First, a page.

Social Security’s Online Retirement Planner is the place to go for you and your clients when you need details on the changes to the claiming strategies from the Bipartisan Budget Act of 2015.
“Closure of Unintended Loopholes” is the title of the section of the law that made several changes to basically close two complex loopholes (deemed filing and voluntary suspension), used primarily by married couples. This link will explain what has changed and how it may affect someone: https://www.ssa.gov/planners/retire/claiming.html
There are new rules for deemed filing effective for individuals who turn 62 on or after January 2, 2016. Deemed filing means that when someone files for either retirement or spouse’s benefits, they are also required or “deemed” to file for the other benefit as well. These rules used to only apply to those filing before their full retirement age. The Bipartisan Budget Act extends deemed filing to apply at any point one files: early, at full retirement age and beyond. This link provides details and Q&As: https://www.ssa.gov/planners/retire/deemedfaq.html
Voluntary suspension of retirement benefits to earn delayed retirement credits is still an option. However, after April 30, 2016, anyone receiving benefits (excluding divorced spouses) on the suspended record are also suspended for the same months. Also, payments are suspended the month after the month in which the request was made and ending with the earlier of the month before attainment of age 70 or the month following the month of the request to resume benefits. Voluntary suspension FAQs are at this link: https://www.ssa.gov/planners/retire/suspendfaq.html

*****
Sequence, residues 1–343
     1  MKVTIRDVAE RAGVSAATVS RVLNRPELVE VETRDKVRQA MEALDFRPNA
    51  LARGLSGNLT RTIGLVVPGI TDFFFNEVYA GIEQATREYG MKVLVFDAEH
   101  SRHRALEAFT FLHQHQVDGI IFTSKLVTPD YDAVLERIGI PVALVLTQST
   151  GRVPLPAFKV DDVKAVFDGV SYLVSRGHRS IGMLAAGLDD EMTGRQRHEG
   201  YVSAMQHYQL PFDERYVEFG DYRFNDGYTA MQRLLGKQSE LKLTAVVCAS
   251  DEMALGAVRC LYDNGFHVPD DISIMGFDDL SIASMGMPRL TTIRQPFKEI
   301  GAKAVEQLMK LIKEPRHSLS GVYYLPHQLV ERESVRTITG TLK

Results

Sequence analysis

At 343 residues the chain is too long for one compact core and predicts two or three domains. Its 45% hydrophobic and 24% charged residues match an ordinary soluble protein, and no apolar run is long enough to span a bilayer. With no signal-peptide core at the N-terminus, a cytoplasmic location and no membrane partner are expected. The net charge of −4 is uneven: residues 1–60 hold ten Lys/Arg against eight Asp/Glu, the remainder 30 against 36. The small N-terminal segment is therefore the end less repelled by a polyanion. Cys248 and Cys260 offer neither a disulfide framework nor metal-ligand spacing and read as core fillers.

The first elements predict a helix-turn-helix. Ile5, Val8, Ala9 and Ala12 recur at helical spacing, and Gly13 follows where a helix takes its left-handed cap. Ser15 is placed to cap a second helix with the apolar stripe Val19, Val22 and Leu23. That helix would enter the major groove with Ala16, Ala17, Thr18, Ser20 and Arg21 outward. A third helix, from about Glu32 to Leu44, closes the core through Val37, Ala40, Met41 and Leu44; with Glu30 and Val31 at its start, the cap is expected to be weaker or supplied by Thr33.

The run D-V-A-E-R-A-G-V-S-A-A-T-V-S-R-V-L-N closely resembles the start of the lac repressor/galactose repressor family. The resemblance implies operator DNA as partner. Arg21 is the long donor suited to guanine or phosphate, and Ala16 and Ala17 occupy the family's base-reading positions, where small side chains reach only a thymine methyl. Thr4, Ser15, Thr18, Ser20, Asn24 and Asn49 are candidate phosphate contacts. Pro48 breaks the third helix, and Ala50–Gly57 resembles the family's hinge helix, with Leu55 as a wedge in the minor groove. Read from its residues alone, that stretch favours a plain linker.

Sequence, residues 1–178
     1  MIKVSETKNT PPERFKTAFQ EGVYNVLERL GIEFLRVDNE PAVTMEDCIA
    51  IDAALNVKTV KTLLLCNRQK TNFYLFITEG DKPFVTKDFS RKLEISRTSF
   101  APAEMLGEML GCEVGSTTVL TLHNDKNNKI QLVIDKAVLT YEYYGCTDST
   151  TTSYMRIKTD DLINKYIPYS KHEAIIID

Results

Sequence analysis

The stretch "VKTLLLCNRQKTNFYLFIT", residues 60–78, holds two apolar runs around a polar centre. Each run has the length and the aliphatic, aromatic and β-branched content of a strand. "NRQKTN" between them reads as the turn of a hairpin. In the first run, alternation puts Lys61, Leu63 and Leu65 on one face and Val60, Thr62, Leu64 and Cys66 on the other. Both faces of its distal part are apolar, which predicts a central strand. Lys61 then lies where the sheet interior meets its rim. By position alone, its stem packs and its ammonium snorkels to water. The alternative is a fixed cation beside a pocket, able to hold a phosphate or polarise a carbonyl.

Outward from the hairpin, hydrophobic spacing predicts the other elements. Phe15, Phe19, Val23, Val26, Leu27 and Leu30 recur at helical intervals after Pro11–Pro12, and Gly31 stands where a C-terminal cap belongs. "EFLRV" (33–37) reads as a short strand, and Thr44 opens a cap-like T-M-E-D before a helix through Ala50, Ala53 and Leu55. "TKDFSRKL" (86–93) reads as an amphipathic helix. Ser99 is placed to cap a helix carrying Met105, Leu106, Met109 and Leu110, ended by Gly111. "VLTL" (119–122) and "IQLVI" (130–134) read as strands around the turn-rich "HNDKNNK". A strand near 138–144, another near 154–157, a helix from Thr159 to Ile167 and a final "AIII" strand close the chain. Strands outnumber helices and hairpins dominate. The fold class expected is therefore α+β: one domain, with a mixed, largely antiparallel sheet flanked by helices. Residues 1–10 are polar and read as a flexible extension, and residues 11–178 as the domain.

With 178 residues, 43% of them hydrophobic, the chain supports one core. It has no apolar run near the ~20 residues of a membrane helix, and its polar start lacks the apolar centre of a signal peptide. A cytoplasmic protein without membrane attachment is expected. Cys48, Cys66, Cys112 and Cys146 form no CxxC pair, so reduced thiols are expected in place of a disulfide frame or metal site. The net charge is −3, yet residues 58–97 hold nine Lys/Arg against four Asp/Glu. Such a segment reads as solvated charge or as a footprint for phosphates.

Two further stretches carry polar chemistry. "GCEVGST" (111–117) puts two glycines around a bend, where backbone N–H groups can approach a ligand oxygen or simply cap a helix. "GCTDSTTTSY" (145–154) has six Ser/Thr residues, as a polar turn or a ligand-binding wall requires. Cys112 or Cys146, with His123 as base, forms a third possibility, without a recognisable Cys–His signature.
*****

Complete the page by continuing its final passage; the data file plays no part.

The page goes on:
The Q&A for the month:
Question: My client, (age 63), is a retired cop who did not pay into social security for his primary job (he did have second jobs that he paid into ss). He is receiving a small pension amount of $450/month. His ex-wife recently passed away. He has not remarried and was married to his ex-wife for more than 10 years. He was advised that he cannot collect under his ex-wife’s social security, because of the Windfall Elimination Provision (WEP). Is he able to collect under his ex-wife’s social security?
Answer: Because he is receiving a non-covered pension, his Social Security benefits are affected, regardless of the type of benefit that he files for. So, if he files for Social Security retirement or disability, he is subject to the Windfall Elimination Provision (WEP) and if he files for Social Security spouses or survivors (including divorced spouses and divorced widower’s) benefits, he is subject to the Government Pension Offset (GPO): https://www.ssa.gov/planners/retire/gpo.html
He absolutely can file for divorced widowers benefits. Unlike WEP, which simply reduces benefits, GPO can result in wiping out the benefit completely, it just depends on the amount of the non-covered pension. You could use the GPO Calculator to see if a benefit may be payable: https://www.ssa.gov/planners/retire/gpo-calc.html
Because he is only 63, the widowers benefit will also be reduced based on his age. https://www.ssa.gov/planners/survivors/survivorchartred.html